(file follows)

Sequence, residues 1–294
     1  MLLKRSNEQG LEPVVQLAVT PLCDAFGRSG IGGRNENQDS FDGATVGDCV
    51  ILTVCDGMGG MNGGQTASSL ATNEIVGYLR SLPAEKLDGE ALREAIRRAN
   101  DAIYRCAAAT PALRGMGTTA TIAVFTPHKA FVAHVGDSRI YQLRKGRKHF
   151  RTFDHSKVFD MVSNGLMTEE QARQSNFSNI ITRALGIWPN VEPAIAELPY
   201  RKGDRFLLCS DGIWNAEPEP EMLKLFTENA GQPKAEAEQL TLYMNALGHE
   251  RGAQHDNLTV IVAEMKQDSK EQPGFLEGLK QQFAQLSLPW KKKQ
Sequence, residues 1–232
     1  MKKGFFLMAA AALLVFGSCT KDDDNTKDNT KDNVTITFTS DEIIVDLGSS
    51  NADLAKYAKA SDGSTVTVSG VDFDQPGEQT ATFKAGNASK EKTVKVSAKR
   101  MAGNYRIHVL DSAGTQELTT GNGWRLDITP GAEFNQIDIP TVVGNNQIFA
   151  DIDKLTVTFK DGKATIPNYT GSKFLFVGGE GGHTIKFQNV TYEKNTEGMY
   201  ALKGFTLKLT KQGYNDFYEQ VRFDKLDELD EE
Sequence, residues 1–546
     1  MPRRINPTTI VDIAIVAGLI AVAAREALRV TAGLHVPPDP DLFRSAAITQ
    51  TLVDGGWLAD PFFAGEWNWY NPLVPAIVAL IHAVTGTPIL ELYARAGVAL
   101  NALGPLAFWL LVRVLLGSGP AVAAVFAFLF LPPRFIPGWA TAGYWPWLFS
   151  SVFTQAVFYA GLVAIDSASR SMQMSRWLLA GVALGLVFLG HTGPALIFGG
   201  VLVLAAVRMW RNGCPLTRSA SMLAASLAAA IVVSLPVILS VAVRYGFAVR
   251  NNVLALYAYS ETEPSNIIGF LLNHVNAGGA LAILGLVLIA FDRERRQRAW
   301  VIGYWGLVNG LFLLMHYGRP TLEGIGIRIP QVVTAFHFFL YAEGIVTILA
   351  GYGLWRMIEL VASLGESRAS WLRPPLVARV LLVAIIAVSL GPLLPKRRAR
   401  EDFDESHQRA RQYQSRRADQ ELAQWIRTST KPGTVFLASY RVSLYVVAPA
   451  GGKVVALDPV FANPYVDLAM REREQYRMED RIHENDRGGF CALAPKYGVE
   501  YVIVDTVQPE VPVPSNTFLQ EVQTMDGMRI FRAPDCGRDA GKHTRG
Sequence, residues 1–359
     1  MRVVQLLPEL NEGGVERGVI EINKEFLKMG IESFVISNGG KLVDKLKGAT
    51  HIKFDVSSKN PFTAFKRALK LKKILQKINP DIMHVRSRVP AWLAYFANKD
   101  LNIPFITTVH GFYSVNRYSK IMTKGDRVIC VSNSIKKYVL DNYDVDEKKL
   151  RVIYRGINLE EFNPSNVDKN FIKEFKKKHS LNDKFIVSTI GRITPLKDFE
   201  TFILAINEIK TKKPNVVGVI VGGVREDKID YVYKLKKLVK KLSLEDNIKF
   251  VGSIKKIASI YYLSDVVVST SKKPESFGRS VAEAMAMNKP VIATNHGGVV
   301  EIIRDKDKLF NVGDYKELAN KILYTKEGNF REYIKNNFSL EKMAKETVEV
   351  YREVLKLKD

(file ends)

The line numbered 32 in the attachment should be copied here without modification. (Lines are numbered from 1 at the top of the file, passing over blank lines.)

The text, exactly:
   251  VGSIKKIASI YYLSDVVVST SKKPESFGRS VAEAMAMNKP VIATNHGGVV